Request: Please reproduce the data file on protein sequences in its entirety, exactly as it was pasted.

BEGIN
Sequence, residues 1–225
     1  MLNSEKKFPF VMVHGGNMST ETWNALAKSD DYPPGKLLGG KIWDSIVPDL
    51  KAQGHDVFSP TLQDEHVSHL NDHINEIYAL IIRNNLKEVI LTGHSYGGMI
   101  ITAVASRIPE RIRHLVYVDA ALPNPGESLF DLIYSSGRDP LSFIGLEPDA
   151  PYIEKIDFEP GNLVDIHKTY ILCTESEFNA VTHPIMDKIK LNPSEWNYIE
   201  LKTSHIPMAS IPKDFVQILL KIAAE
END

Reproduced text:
Sequence, residues 1–225
     1  MLNSEKKFPF VMVHGGNMST ETWNALAKSD DYPPGKLLGG KIWDSIVPDL
    51  KAQGHDVFSP TLQDEHVSHL NDHINEIYAL IIRNNLKEVI LTGHSYGGMI
   101  ITAVASRIPE RIRHLVYVDA ALPNPGESLF DLIYSSGRDP LSFIGLEPDA
   151  PYIEKIDFEP GNLVDIHKTY ILCTESEFNA VTHPIMDKIK LNPSEWNYIE
   201  LKTSHIPMAS IPKDFVQILL KIAAE